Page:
I aim as an artist is to create a body of artwork that explores and critiques modern times and my experience of

present society and culture through the means of painting (and other art mediums and practices). I have mixed

feelings about the artwork I have created, in that my earlier work which is naïve in conceptual structure and

methods and techniques of painting actually embarrasses me, however it was a necessary stepping stone

or learning process to get me where I am today. However my new work from the last 9/10 years I feel is

successful and accomplished in concept and the painting in itself. I am proud of my work but fully understand

I have a long way to go on this journey.


The two series of work I wish to to discuss

are entitled Wonders and imperfections of space time

compression theories

This series of painting began in 2013 after reading David

Harvey’s -The Condition of Postmodernity 1989.

In his work based on earlier writings by Karl Marx

in the theory of the “annihilation of time and space”.

Harvey discusses the ideas of space time compression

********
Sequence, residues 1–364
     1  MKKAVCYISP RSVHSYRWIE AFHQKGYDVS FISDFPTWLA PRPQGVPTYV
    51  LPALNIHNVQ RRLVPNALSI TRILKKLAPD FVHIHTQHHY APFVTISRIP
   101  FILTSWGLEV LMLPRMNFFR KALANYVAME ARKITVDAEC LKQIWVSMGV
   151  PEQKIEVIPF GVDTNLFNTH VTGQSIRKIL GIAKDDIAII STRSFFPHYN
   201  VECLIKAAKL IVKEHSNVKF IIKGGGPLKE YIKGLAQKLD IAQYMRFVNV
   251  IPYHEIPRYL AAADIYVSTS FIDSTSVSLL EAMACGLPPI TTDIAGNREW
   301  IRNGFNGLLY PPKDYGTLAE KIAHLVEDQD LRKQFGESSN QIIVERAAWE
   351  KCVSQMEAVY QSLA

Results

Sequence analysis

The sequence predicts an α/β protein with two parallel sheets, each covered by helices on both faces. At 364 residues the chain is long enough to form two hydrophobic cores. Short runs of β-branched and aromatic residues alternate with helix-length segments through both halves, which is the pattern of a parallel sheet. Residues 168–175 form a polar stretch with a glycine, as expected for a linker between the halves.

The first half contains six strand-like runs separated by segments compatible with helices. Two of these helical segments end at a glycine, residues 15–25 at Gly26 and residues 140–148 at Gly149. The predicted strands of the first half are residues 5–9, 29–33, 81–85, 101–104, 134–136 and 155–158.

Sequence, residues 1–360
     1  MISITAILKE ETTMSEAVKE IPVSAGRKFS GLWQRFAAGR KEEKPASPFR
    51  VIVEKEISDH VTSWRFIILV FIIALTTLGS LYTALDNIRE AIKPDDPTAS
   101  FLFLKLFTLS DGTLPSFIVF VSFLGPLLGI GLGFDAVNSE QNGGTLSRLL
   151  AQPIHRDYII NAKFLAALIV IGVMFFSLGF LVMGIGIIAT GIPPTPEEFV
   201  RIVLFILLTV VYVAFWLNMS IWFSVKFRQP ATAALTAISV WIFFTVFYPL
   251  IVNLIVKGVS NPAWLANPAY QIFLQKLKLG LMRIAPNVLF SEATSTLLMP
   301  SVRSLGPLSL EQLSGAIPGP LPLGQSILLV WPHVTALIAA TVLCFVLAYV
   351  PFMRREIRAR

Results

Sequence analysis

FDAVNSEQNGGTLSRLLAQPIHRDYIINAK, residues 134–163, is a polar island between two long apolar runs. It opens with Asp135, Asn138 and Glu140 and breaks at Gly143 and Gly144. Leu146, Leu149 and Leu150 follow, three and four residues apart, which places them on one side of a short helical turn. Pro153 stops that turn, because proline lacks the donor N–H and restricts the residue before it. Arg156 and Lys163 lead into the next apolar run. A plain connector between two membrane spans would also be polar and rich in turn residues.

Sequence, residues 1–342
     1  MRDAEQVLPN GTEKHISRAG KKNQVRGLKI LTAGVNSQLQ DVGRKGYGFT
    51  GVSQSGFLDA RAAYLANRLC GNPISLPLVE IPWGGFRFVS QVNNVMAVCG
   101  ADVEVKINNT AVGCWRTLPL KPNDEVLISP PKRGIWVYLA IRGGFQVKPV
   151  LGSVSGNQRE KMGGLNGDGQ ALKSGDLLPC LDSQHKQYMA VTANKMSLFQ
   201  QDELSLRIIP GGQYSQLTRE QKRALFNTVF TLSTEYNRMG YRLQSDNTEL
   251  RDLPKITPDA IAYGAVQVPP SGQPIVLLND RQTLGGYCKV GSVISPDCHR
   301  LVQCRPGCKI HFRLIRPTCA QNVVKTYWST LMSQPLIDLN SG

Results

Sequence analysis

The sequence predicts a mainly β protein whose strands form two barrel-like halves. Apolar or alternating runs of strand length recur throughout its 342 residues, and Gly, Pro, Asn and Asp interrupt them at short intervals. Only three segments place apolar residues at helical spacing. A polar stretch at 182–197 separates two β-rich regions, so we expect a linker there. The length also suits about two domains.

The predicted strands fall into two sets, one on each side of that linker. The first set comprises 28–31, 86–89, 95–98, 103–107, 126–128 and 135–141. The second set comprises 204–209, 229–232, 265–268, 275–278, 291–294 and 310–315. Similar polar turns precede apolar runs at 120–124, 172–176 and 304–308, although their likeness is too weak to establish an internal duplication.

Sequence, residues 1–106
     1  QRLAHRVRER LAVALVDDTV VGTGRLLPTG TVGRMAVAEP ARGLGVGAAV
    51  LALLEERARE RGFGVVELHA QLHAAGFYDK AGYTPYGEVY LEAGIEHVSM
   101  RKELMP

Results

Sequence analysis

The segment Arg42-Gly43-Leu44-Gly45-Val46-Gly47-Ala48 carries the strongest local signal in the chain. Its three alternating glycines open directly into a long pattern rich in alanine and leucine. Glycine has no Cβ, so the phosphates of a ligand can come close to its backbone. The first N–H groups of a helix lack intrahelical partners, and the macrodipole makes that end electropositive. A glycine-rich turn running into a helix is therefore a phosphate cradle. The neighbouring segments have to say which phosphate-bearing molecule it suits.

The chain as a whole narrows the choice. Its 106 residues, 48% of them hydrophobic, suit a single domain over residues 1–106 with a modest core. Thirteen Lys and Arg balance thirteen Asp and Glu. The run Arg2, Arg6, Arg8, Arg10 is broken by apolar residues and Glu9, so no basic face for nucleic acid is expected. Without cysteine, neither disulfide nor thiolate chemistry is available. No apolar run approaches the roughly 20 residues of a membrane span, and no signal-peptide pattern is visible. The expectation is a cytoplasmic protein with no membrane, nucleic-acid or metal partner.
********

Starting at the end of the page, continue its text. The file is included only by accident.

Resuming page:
and that due modern technology and internationalization

are experience of time is accelerated and that this

“acceleration destroys space and compresses the time in

ways of perceiving reality” Virilio 2001.

Doreen Massey also discusses David Harvey’s

ideas about time-space compression in relation to

globalisation and its effect on our society and she

stated that; “our world is “speeding up” and “spreading

out”, time-space compression is more prevalent than

ever as internationalization takes place. Cultures and

communities are merged during time-space compression

due to rapid growth and change, as “layers upon layers”

of histories fuse together to shift our ideas of what the

identity of a “place” should be” Massey 1994.

These ideas fascinated me and seem to be

fully realised in the age of the internet.

I began working on a way to visualise these ideas in

paint. After a discussing with a friend of mine who

is computer technician he told me about a computer

program that if you input a digital movie into the

software program, the program compresses the visual

imagery of the film (2-3 hours) into one visual image

still. This seemed a visual artefact of time being

compressed and had a visual similar appearance to

a barcode. The process on the software program to

compress the movie into a still was quick, I wanted to

subvert and play the concept of time in image making by

replicating the image in paint which

would be a very slow process.